Monday, March 28, 2011

A dose of the hard stuff

News of the nuclear accident at Fukushima has awoken memories from my childhood.

In 1957, 8-years old and living near Manchester, I recall the time our daily school milk was suddenly stopped.  One morning we were all given milk tablets (white and around the size of a pound coin) and told that we had to chew them as there wouldn't be any fresh milk that day. They weren't very nice and some of us (not me, of course) used to drop them quietly behind the radiators. I can't remember clearly, but I think this went on for about two weeks.

Looking back on these events, the pieces slowly begin to fall into place.

In 1957 there was a serious nuclear accident at Windscale in Cumbria resulting from a desperate drive to produce plutonium for Britain's atomic bomb. The accident led to the accidental release of significant amounts of radioactive iodine, caesium and xenon.

I remember the strictness with which we were instructed we must eat the tablets and can recall, even after all these years, how it all seemed a little strange. After all, would it be all that serious if we missed our school milk for a week or two? But then recently, on recounting this story to a friend, he said: "They were probably iodine tablets."

On reflection, I think it's quite likely they were. Of course nothing was said; there were no letters home, no pronouncements from government. I doubt even our teachers knew what was going on.   The decision to distribute iodine tablets would have been made by some anonymous Whitehall civil-servant at the Home office or Ministry of Defence and enacted via the civil-defence, command and control procedures in place during the Cold War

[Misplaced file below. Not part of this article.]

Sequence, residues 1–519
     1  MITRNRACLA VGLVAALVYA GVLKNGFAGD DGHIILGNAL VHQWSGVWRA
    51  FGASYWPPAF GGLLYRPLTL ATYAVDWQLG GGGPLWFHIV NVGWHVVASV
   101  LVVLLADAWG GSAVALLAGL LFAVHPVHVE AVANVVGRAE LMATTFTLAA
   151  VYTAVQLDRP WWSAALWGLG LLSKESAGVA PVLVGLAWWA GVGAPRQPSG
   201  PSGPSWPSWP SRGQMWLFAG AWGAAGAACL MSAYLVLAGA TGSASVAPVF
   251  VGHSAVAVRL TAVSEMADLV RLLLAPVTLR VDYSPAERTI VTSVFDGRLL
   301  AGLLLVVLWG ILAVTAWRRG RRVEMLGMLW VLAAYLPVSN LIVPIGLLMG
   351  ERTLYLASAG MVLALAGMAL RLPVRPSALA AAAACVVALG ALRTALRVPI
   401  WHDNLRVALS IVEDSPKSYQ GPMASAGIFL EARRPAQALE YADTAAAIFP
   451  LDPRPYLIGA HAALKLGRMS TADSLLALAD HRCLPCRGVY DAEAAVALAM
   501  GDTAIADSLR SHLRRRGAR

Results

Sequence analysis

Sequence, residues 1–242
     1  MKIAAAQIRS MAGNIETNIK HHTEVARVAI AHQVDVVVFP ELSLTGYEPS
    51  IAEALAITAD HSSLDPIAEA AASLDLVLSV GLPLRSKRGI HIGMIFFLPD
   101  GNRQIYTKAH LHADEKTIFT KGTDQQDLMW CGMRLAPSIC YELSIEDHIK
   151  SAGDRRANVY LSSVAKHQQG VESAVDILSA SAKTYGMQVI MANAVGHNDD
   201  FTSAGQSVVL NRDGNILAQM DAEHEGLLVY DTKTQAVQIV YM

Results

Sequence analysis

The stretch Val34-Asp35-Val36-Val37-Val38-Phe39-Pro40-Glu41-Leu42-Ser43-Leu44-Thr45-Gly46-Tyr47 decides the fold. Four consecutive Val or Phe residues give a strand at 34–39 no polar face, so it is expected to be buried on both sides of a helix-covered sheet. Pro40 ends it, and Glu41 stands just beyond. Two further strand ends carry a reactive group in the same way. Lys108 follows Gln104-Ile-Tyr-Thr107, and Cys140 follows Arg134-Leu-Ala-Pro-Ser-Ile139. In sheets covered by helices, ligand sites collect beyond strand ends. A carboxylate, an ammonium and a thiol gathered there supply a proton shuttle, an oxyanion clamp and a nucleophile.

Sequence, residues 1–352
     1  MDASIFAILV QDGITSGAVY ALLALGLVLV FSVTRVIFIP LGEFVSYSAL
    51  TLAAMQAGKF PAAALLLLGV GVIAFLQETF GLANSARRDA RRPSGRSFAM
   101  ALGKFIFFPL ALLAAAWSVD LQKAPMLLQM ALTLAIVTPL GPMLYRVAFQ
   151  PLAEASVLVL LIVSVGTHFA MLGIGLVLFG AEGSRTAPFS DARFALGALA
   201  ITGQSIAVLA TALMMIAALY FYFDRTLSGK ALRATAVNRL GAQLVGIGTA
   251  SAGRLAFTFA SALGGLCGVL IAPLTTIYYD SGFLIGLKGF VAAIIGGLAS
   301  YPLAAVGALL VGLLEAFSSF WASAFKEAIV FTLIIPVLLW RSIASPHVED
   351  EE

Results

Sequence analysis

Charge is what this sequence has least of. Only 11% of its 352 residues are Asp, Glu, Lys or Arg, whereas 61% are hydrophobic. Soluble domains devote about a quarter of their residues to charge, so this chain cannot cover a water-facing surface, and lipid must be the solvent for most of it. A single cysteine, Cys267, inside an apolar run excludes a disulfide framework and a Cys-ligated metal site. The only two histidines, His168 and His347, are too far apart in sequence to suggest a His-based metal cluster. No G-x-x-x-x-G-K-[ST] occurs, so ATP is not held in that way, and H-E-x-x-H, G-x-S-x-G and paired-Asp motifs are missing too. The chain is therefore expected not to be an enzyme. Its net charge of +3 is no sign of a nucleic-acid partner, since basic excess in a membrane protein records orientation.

Incidentally around the same time, I recall looking out of my classroom window to see the setting sun disfigured with huge sunspots.  And, as if that wasn't enough, we had atmospheric nuclear weapons tests, luminous watches and x-ray machines in shoe shops to check our feet had room to grow.

All in all, I reckon I must have got quite a dose.


  1. Be glad that you got iodine tablets. After Chernobyl the soviet authorities didn't distribute any, and the result has been a significant increase in childhood thyroid cancer.
    Given that the radioactive iodine has a half-life of ~8 days, topping up your thyroid with non-radiaoctive iodine is very effective.

    -- Jim

  2. Iodine tablets Dave, you were lucky! We had to suffer rancid warm milk in summer and stuff cold enough to hurt your teeth in winter.

  3. It's only recently that I've understood how iodine tablets work. The thyroid (apparently) is inclined to take up any iodine that's around. When some of this is radioactive (as can happen after a nuclear accident) the best strategy is to stuff your thyroid with the benign variety. Radioactive iodine has only a short half-life so you don't have to take the tablets for very long.